PRESS CONFERENCE

We will be hosting a press conference at the Student Union building in seminar room 1 at 1pm on Tuesday, 20 March. All local journalists, photographers, TV crews are encouraged to attend.

PURPOSE OF THE PROTEST:

  1. to highlight the state’s silence around sexual violence and its inability or unwillingness to support rape survivors and successfully prosecute rapists.
  2. to symbolise all rape survivors whose voices are silenced by rape and to represent the 19 in 20 rape survivors who do not report their violation.

FORMAT OF THE PROTEST:

There are FOUR different kinds of participation in the day-long protest on 23 March:

  • Silent women: T-shirts with ‘sexual violence causes silence’ on the front & explanation on the back (gagged all day, no food or water)
  • Rape survivors: T-shirts with ‘rape survivor’ on the front & explanation on the back
  • Men in solidarity: T-shirts with ‘solidarity with women who speak out’ on the front & explanation on the back
  • Women staff members & students with health issues: T-shirts with ‘solidarity with women who speak out’ on the front & explanation on the back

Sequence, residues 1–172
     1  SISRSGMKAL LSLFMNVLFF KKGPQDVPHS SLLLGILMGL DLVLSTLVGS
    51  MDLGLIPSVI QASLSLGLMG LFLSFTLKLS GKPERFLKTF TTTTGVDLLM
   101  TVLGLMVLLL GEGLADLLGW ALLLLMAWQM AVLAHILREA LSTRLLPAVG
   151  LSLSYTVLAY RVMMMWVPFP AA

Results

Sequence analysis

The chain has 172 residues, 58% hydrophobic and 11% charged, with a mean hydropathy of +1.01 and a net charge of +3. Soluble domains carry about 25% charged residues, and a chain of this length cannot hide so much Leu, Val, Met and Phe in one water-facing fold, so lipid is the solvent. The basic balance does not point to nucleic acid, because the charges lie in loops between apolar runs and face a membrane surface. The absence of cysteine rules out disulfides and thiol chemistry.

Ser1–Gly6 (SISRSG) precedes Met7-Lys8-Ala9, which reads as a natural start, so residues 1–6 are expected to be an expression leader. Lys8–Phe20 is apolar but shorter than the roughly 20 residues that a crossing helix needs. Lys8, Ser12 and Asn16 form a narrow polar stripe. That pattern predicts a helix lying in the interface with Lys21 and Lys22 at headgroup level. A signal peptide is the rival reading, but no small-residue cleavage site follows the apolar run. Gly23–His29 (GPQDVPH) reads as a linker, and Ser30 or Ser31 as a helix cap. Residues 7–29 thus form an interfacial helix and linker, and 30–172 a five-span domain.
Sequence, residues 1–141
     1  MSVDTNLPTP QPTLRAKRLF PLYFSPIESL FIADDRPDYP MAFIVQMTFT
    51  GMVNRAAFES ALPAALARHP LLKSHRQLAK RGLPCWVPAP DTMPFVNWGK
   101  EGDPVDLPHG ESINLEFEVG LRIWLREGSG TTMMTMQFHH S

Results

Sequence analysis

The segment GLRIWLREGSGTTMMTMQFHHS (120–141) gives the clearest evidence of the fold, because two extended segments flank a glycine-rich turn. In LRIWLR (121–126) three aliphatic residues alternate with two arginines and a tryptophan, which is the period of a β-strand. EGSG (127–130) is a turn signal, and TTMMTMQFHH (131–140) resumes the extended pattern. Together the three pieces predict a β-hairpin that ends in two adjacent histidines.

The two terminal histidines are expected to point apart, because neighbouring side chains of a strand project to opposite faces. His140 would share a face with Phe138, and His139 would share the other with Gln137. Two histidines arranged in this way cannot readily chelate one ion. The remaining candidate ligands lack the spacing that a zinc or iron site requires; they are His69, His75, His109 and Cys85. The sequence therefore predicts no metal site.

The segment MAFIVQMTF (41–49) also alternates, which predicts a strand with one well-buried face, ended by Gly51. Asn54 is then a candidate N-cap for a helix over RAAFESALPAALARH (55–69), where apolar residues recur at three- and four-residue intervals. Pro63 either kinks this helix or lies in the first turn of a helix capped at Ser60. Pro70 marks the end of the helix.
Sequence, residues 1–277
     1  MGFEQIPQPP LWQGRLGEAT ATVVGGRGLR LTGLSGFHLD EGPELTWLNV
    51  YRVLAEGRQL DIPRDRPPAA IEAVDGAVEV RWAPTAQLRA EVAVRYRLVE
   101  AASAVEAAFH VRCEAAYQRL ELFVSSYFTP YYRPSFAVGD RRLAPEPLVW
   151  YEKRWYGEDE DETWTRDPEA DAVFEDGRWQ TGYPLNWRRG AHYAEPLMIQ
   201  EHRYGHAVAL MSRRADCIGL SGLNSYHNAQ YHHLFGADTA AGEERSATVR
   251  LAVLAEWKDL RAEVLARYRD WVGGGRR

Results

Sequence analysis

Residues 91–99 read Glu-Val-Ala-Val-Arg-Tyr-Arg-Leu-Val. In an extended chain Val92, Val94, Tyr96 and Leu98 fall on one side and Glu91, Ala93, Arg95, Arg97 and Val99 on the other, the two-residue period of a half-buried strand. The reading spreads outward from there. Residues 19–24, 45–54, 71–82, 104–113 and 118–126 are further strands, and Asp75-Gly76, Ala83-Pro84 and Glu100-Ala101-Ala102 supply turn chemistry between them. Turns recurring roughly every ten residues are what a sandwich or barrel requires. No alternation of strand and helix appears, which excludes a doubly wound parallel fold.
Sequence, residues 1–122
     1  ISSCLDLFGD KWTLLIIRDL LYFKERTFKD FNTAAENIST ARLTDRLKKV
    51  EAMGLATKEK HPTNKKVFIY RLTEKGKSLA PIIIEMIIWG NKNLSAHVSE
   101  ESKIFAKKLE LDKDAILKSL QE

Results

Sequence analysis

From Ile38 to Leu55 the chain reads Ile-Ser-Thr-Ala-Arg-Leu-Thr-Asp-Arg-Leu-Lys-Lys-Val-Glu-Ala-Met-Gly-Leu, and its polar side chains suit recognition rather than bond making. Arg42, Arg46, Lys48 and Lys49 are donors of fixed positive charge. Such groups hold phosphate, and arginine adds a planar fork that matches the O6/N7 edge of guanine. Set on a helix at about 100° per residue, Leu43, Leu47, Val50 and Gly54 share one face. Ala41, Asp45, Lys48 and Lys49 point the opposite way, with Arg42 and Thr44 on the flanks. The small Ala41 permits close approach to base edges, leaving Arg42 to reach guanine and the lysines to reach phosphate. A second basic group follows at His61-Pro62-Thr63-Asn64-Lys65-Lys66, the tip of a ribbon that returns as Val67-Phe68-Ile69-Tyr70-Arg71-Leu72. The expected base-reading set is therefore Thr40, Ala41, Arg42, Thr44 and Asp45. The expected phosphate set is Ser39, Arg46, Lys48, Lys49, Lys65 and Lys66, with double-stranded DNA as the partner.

PROGRAMME

06h00    Gather at Alec Mullins Hall on Friday 23 March.

06h00 – 07h00   T-shirt distribution

07h00 – 07h15   Briefing and address by organiser

07h15 – 07h45   SILENCING

07h45 – 08h15   Group photos in front of Main Admin of ALL, then SILENCED, SURVIVORS and MEN IN SOLIDARITY.

08h30 – 12h30   Lectures & tutorials as usual. Protesters to remain visible.

12h30 – 14h00   DIE-IN outside the Rhodes University admin building. ALL (silenced, survivors & men is solidarity) PROTESTERS GATHER.

14h00 – 17h00   Lectures & tutorials as usual.

17h00 – 17h30   ALL volunteers gather outside Main Admin and process from via Drostdy Arch down High Street to the Cathedral

17h30                    ADDRESS BY ORGANISER & BREAKING THE SILENCE!

17h30 – 20h00   Debriefing, discussion & reflection

20h00 – 20h30   GAP ‘Take Back the Night’ March

FOR MORE INFORMATION CONTACT:

Michelle Solomon

Media liaison, Silent Protest

michelleHsolomon@gmail.com

072 396 8302

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This entry was posted in Campaigns, Events and tagged , , by rapecrisisblog. Bookmark the permalink.

About rapecrisisblog

We have a vision of a South Africa in which rape survivors suffer no secondary trauma, and are supported throughout their interaction with the Criminal Justice System (CJS). Our mission is to promote an end to violence against women, specifically rape, and to assist women to achieve their right to live free from violence. Rape Crisis Cape Town seeks to achieve its mission through counselling and training of women, thereby reducing the trauma experienced by rape survivors, and encouraging reporting of rape and the conviction of rapists.